Amsterdam has a fantastic metro transit system, and is really easy to navigate.  Using the advice of the bike tour service (Mike's Bikes), we hopped the #197 bus in front of the Airport to Leidseplein in order to join the tour.  Side note: the bus fare for that one trip was something like 5 Euros each.  Had we realized sooner that it was available, we could have purchased an unlimited ride tourist pass and saved money on the first day's worth of bus fare ... but we didn't do that until the second day, whoops.  These passes are available for purchase from the metro information desk in the airport, and come in 1, 2 or 3 day options.  BUY ONE, they are worth it!  Ours came with a city map attached, which was extremely useful for the rest of our visit.

While we rode the bus to the bike tour's office, we passed some of the major museums of Amsterdam, including the Van Gogh.  I was immediately disappointed to see the length of the lines to get in to any museum we passed - they were easily a 2-3 hour wait each.  When I considered this, and factored in that a museum visit once inside would take easily another 2-3 hours+ ... and then remembered I only had 2 days in each city ... I made a decision that I would likely not go into any museums during our trip.  I simply couldn't see myself sacrificing 6 hours for a visit inside ONE building, when I could be outside experiencing the ENTIRE CITY instead.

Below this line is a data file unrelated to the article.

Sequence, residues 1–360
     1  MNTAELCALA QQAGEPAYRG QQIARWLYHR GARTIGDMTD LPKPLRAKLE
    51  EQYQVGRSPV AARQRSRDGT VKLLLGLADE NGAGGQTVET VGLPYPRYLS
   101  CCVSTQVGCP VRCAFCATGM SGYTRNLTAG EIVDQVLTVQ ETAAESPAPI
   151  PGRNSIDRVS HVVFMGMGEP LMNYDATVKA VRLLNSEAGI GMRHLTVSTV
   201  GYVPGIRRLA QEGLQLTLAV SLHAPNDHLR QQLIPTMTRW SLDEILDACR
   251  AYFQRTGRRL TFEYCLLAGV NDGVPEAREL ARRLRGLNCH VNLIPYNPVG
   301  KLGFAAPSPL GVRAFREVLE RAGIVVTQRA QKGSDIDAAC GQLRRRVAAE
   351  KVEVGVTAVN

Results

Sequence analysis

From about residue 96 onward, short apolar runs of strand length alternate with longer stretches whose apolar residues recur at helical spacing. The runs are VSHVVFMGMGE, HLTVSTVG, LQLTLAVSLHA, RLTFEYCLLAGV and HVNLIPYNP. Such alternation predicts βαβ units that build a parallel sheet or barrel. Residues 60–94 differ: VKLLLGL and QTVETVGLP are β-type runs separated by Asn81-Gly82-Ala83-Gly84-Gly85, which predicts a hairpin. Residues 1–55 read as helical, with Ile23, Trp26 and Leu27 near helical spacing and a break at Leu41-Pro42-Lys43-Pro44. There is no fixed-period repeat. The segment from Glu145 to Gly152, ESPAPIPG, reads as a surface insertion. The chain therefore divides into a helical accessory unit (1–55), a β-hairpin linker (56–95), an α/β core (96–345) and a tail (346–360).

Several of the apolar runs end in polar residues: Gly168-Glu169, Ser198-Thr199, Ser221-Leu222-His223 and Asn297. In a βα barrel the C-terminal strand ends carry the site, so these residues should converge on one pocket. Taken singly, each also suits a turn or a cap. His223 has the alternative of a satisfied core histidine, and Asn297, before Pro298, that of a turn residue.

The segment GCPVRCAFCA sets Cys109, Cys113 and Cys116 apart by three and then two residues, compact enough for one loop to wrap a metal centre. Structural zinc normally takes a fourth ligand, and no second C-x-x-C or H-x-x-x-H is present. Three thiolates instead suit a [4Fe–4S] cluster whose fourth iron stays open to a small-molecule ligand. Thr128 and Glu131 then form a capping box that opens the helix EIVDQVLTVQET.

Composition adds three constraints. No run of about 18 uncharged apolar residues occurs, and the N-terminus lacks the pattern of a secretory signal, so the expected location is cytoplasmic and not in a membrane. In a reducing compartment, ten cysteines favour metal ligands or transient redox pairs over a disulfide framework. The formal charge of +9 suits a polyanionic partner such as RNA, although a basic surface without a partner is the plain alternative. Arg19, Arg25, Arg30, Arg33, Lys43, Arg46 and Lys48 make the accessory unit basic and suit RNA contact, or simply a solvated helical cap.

Finally, our bus stop arrived.  We hopped off and walked towards the tour office, where essentially we had arrived about 20 minutes before the tour was to start.  So, once we purchased our tickets, we just wandered outside to kill some time.  As we wandered, people watched and window shopped, there was no mistaking that Amsterdam has ... uh ... "de-criminalized" marijuana.  And "magic" mushrooms.  And other things.  It's fair to say my eyes were opened.  Or rather, my nostrils?  I think I got a contact high just passing by people on the street.

Finally, the tour began.  We hopped our bikes and away we went.